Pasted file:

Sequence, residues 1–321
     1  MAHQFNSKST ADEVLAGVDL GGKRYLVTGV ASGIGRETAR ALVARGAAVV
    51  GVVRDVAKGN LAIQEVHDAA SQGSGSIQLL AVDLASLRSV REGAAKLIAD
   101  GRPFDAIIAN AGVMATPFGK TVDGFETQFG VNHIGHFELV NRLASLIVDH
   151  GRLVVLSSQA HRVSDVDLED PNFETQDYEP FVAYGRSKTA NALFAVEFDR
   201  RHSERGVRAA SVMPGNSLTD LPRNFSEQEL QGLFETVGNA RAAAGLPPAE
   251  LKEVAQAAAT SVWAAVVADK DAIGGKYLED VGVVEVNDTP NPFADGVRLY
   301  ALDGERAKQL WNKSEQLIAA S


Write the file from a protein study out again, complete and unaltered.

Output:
Sequence, residues 1–321
     1  MAHQFNSKST ADEVLAGVDL GGKRYLVTGV ASGIGRETAR ALVARGAAVV
    51  GVVRDVAKGN LAIQEVHDAA SQGSGSIQLL AVDLASLRSV REGAAKLIAD
   101  GRPFDAIIAN AGVMATPFGK TVDGFETQFG VNHIGHFELV NRLASLIVDH
   151  GRLVVLSSQA HRVSDVDLED PNFETQDYEP FVAYGRSKTA NALFAVEFDR
   201  RHSERGVRAA SVMPGNSLTD LPRNFSEQEL QGLFETVGNA RAAAGLPPAE
   251  LKEVAQAAAT SVWAAVVADK DAIGGKYLED VGVVEVNDTP NPFADGVRLY
   301  ALDGERAKQL WNKSEQLIAA S